Some situational characteristics—such as consumer preferences and economic conditions—originate from the external environment and consequently are beyond the employee’s and organization’s control. However, some situational factors—such as time, people, budget, and physical work facilities— are controlled by others in the organization.

Corporate leaders need to carefully arrange these conditions so employees can achieve their performance potential.


The MARS model is a useful diagnostic tool that should be the starting point for most problems where employee behavior and performance may be a factor. Consider the series of train derailments (eight of them over 20 months) that have recently plagued the Metropolitan Area Transit Authority (Metro) in Washington, D.C. One problem identified in the investigations was that the tracks around the tight curves were not lubricated, so the wheels climbed up the rail and popped off the track.

The track department was ordered to lubricate tracks around these bends a few times each year. Yet another derailment occurred less than a year later because key managers in the track department retired or were transferred soon after the initial order, and no one else remembered that it was now part of their job. In this situation employees in the track department seem to be skilled and reasonably motivated, and they possessed the tools and time to perform the work. However, they experienced poor role perceptions: They didn’t know that lubricating the track was part of their job.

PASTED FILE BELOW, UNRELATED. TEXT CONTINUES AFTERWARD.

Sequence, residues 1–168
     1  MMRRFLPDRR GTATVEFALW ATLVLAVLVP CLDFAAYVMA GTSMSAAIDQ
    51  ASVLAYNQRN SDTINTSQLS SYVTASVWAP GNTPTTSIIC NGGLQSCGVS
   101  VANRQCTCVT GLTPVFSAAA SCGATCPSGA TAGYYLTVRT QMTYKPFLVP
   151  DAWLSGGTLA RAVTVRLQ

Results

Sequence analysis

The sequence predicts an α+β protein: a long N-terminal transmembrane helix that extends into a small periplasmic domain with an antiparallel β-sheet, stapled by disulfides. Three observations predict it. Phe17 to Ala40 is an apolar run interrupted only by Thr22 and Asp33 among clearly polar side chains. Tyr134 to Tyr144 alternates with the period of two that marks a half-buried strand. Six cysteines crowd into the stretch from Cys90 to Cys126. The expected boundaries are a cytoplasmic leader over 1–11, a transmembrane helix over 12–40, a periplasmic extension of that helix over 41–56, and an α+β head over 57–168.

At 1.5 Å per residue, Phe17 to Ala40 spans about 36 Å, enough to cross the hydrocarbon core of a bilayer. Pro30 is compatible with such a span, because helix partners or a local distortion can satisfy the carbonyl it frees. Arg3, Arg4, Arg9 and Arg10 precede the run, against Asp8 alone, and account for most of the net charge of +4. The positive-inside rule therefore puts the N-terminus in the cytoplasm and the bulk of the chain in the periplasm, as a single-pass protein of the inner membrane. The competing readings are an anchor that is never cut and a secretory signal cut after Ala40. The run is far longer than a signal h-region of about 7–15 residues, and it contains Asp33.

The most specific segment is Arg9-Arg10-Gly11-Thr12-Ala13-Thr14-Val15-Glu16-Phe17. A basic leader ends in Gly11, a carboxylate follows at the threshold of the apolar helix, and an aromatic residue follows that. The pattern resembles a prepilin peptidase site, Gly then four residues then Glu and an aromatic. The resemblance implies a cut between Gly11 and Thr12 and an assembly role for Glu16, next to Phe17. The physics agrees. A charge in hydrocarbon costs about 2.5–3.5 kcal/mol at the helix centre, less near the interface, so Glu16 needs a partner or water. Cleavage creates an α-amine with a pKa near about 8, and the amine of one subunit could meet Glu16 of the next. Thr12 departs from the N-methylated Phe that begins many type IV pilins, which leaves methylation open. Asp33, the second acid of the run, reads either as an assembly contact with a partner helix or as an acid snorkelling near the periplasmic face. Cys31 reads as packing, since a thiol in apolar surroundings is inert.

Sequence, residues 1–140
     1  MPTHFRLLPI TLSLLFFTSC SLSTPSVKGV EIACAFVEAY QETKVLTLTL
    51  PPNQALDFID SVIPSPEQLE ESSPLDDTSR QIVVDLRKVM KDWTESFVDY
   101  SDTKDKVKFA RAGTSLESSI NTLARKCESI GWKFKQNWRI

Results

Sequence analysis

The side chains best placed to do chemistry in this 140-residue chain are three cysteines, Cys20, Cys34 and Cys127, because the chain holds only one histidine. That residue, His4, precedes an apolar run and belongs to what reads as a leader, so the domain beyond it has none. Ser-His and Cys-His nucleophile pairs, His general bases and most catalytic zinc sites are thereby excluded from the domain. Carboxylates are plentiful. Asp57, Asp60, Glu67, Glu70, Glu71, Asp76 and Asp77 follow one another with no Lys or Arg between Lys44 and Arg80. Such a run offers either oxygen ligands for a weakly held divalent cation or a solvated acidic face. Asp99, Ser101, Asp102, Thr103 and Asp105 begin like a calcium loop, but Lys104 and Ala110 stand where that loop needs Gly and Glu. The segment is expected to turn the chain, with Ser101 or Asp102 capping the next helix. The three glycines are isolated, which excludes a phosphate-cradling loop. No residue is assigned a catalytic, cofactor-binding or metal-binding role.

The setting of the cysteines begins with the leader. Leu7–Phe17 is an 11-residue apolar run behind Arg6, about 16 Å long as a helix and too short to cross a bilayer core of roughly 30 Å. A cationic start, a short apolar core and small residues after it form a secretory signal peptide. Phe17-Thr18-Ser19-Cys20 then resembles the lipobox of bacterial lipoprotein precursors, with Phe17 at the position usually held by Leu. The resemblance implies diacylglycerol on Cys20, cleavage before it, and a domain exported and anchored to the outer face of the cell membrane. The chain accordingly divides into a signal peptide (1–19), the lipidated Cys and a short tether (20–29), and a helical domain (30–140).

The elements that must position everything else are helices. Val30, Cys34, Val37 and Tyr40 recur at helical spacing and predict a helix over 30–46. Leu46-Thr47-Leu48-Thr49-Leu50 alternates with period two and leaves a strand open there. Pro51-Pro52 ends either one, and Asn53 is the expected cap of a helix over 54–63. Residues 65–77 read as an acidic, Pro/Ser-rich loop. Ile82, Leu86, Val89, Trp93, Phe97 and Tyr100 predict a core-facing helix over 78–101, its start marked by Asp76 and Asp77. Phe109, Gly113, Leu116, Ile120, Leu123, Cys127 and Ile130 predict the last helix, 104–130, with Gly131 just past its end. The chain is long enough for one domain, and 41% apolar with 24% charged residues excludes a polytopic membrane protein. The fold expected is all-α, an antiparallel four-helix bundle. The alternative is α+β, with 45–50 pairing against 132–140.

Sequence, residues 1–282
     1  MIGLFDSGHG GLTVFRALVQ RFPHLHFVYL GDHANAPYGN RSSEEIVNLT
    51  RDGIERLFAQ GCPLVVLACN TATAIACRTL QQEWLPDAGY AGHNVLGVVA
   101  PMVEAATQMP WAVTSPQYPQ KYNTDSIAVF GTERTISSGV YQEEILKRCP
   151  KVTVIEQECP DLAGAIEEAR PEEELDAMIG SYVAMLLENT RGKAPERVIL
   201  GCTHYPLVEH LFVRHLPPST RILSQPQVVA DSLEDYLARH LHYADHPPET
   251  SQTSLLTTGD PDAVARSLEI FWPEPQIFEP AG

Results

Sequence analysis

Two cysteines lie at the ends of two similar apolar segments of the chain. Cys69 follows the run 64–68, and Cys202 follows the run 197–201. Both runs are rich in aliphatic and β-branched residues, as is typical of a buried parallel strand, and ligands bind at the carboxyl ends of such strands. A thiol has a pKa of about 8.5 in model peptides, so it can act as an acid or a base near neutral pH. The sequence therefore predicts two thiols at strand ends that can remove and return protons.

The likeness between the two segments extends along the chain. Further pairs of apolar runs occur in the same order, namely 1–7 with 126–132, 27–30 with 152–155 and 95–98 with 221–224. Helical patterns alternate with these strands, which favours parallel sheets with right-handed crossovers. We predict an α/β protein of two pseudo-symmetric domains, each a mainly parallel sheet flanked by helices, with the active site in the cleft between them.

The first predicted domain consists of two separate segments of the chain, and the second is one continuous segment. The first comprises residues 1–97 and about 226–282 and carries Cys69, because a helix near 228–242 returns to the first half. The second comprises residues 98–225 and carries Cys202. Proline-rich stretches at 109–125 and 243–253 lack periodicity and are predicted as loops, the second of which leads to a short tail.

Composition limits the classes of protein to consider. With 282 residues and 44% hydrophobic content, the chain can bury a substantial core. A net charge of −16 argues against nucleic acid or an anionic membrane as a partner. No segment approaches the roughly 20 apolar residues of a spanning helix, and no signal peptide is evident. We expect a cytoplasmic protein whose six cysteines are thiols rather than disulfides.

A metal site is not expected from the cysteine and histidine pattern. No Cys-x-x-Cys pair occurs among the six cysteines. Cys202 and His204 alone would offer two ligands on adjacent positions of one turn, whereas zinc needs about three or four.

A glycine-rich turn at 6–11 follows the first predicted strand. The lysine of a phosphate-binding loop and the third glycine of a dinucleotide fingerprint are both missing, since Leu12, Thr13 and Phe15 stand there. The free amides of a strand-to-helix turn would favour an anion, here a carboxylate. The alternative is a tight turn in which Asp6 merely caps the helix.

A second problem related to Metro’s three dozen “track walkers”—employees who check the entire track system for unsafe conditions twice each week. Internal audits revealed that many of these people failed to report unsafe tracks because they lacked sufficient training or were covering too much track (eight miles every day) to adequately investigate potential problem spots.

Also, one audit suggested that many track walkers were “apathetic”—perhaps not surprising given their routine of walking the same track every week and the fact that their work often goes unnoticed. This information shows that many track walkers score poorly on three of the four elements in the MARS model (and consequently would have low engagement scores). They lack motivation and sufficient resources (too much track to inspect each day), and many of them lack the ability to detect track problems. At least they know what job they are supposed to perform (high role perceptions).